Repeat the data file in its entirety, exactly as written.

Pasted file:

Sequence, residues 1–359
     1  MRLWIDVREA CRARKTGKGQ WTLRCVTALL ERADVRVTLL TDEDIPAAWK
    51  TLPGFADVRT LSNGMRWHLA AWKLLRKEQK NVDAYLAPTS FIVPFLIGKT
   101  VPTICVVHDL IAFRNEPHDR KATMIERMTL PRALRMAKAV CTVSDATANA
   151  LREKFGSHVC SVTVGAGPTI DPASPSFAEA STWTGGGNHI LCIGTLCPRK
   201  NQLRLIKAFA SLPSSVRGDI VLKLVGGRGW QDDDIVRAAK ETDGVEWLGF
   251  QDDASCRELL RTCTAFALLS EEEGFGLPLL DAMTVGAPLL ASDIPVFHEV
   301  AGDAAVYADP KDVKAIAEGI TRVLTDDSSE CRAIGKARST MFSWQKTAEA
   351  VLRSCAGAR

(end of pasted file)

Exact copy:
Sequence, residues 1–359
     1  MRLWIDVREA CRARKTGKGQ WTLRCVTALL ERADVRVTLL TDEDIPAAWK
    51  TLPGFADVRT LSNGMRWHLA AWKLLRKEQK NVDAYLAPTS FIVPFLIGKT
   101  VPTICVVHDL IAFRNEPHDR KATMIERMTL PRALRMAKAV CTVSDATANA
   151  LREKFGSHVC SVTVGAGPTI DPASPSFAEA STWTGGGNHI LCIGTLCPRK
   201  NQLRLIKAFA SLPSSVRGDI VLKLVGGRGW QDDDIVRAAK ETDGVEWLGF
   251  QDDASCRELL RTCTAFALLS EEEGFGLPLL DAMTVGAPLL ASDIPVFHEV
   301  AGDAAVYADP KDVKAIAEGI TRVLTDDSSE CRAIGKARST MFSWQKTAEA
   351  VLRSCAGAR